A solo guinea pig is not likely to be a very happy guinea pig. These chatty cavies really need at least one other piggy for company and to allow them to express their natural behaviours. However, introducing one guinea pig to another has to be done very carefully. Put yourself in their paws – how would you feel about living with someone you don’t know?
Would like to meet
Before you start looking at potential partners, make sure you know the sex of your guinea pig (ask your vet to check if you’re not sure). If you have a male, it’s best to get a neutered female to be his roommate. In the wild, guinea pigs would have just one mature male in a group and putting two boys together who are not from the same litter will likely result in a fight. Never consider a bunny as a new pal – these two different species can’t communicate very well and rabbits are likely to bully guinea pigs and given them serious diseases.
If you have a female guinea pig, a neutered male may be better than another female – girls can be just as territorial with each other as boys. In fact, the animal charity PDSA advises that sometimes, if you have two or more females who aren’t getting along, introducing a male piggy can help the situation.
A good place to find a new friend is from a rescue centre such as Blue Cross, RSPCA and Wood Green as the staff will be able to tell you a bit about different guinea pigs’ personalities and check they are in good health. If your piggy is a confident sort, they may prefer a quieter friend, and vice versa.
A chance to check each other out
The first rule of guinea pig introductions is to never put them together straight away. Building a good relationship takes time and it’s really important that things get off on the right foot. Here’s a plan of action to follow:
- Put your guinea pigs’ homes and runs close enough so that they can see each other but are still separate. Keep this arrangement for at least three days.
- During this time, try some ‘scent swapping’ by letting them have each other’s toys, a bit of bedding and other items so they get used to each other’s scent.
- Next, move their accommodation closer. This allows your piggies to see, smell and sit with each other, but with a safety barrier between them. When they are close to each other, feed them both a few tasty Excel Apple Snacks so they associate this arrangement with good things happening.
Up close and personal
Once your guinea pigs seem comfortable hanging out together either side of the barrier, pick a neutral area for their first proper meet and greet. This is essential because if one feels the other is intruding on their territory, they may get really protective and sparks could fly.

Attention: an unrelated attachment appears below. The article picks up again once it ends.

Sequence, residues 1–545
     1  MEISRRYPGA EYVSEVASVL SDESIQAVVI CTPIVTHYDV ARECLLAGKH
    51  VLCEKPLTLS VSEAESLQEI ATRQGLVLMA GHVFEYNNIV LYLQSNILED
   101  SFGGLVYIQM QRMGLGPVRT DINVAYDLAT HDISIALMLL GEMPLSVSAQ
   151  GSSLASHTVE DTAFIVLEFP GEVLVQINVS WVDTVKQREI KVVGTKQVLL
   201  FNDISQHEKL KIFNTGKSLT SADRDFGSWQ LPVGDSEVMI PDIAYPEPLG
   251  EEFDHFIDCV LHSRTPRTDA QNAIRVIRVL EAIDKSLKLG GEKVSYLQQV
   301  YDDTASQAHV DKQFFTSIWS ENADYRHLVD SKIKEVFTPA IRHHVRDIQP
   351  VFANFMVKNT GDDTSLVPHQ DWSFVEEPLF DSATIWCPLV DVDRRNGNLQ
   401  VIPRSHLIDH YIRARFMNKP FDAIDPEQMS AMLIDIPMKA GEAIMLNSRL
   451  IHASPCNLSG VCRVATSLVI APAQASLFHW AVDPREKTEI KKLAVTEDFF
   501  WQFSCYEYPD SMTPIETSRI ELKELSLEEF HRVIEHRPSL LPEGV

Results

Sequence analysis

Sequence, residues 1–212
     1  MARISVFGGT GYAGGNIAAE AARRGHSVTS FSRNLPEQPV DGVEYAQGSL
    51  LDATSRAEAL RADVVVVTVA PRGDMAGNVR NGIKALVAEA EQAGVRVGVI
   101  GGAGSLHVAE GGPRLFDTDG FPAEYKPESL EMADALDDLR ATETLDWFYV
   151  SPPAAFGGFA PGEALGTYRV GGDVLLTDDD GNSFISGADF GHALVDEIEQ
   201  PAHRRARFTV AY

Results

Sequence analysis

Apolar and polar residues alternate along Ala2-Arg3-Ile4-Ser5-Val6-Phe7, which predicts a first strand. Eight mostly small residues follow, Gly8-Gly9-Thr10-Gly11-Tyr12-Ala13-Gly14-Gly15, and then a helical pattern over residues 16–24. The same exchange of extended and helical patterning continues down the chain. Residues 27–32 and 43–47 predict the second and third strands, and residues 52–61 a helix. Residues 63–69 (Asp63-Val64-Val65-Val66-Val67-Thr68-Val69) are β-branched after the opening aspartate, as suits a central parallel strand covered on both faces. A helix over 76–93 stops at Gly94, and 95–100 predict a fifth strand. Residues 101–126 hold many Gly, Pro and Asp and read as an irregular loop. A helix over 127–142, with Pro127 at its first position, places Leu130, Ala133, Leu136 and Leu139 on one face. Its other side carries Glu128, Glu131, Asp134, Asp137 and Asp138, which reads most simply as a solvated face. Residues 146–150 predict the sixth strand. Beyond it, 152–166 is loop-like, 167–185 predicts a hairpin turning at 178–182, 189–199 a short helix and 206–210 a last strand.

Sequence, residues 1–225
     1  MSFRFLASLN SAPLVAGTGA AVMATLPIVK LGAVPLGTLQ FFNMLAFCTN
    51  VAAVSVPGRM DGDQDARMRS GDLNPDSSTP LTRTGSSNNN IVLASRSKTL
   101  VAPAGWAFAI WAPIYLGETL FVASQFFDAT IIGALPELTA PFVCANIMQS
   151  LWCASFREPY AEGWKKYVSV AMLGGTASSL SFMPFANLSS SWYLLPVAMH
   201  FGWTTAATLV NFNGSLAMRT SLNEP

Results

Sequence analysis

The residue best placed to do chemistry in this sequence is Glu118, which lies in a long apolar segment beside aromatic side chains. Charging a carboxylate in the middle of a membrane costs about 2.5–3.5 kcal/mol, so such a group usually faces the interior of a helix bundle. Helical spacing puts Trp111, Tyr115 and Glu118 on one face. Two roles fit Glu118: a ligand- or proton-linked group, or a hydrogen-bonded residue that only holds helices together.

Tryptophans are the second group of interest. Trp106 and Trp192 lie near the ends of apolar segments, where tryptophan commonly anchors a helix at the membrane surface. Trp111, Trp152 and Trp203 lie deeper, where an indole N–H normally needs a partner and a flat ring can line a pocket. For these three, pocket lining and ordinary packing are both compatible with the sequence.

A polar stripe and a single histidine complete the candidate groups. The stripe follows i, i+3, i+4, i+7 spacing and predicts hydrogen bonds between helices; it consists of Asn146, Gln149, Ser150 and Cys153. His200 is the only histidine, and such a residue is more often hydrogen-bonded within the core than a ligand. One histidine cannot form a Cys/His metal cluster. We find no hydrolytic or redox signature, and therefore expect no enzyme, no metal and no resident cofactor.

- Set the scene by putting out tunnels to hide in, lots of toys and some of their favourite nosh – such as a few dandelion leaves scattered about and some yummy nuggets – along with a few piles of sweet smelling hay to hide in and munch on.
- Once you’ve got everything ready, let them in the special area you’ve created and give them some time to introduce themselves. There should be lots of interaction and chattering – but keep a close on eye on proceedings. Some guinea pigs will become firm friends quite quickly, others will need several meetings on neutral ground before they feel happy hanging out together permanently.
- If a scuffle breaks out, you’ll need to separate them (a piece of thin board you can slide between them can be helpful here – but be careful not to cause any injuries) and go back to the scent swapping stage. Try another face-to-face meeting again after a few more days.
Setting up home together
Once you’re sure your guineas have become pals and are showing all positive behaviours, they’re ready to be roomies.
- PDSA recommends allowing your new piggy pals to live in neutral territory together before moving them into their permanent home. Their enclosure should have plenty of space – Blue Cross recommends that the minimum for two guinea pigs living together are 120cm x 50cmx 50cm, although you should provide the largest space possible.
- You’ll also need to set out lots of tunnels to hide in and toys to keep them occupied, along with different sleeping spots so they can choose to snuggle up together or enjoy some ‘me’ time alone.
- Also ensure there are enough resources – nuggets, fresh greens, water and hay – for both to get everything they need without any squabbling.
How to tell if things are going well (or not)
Happy, positive guinea pig behaviours reveal things are working out just fine. Look out for these, outlined by PDSA:
- ‘Popcorning’ (jumping suddenly in the air like popcorn)
- Loud squeaks or ‘wheeks’ (different from louder, high-pitched squeaks made if frightened or in pain)
- Wanting to be close to each other (following one another or lying next to each other)
- Feeding close together
- Grooming each other
Signs that not everything in the garden is rosy include:
- Teeth chattering (revealing they are threatened or angry)
- Hiding from each other
- Chasing (rather than following)
- Often opening their mouths at each other
- Constant fighting and trying to injure each other
If you start to see more negative behaviours, such as signs of stress or aggression, then go back a step. Sometimes, building a good relationship takes work.
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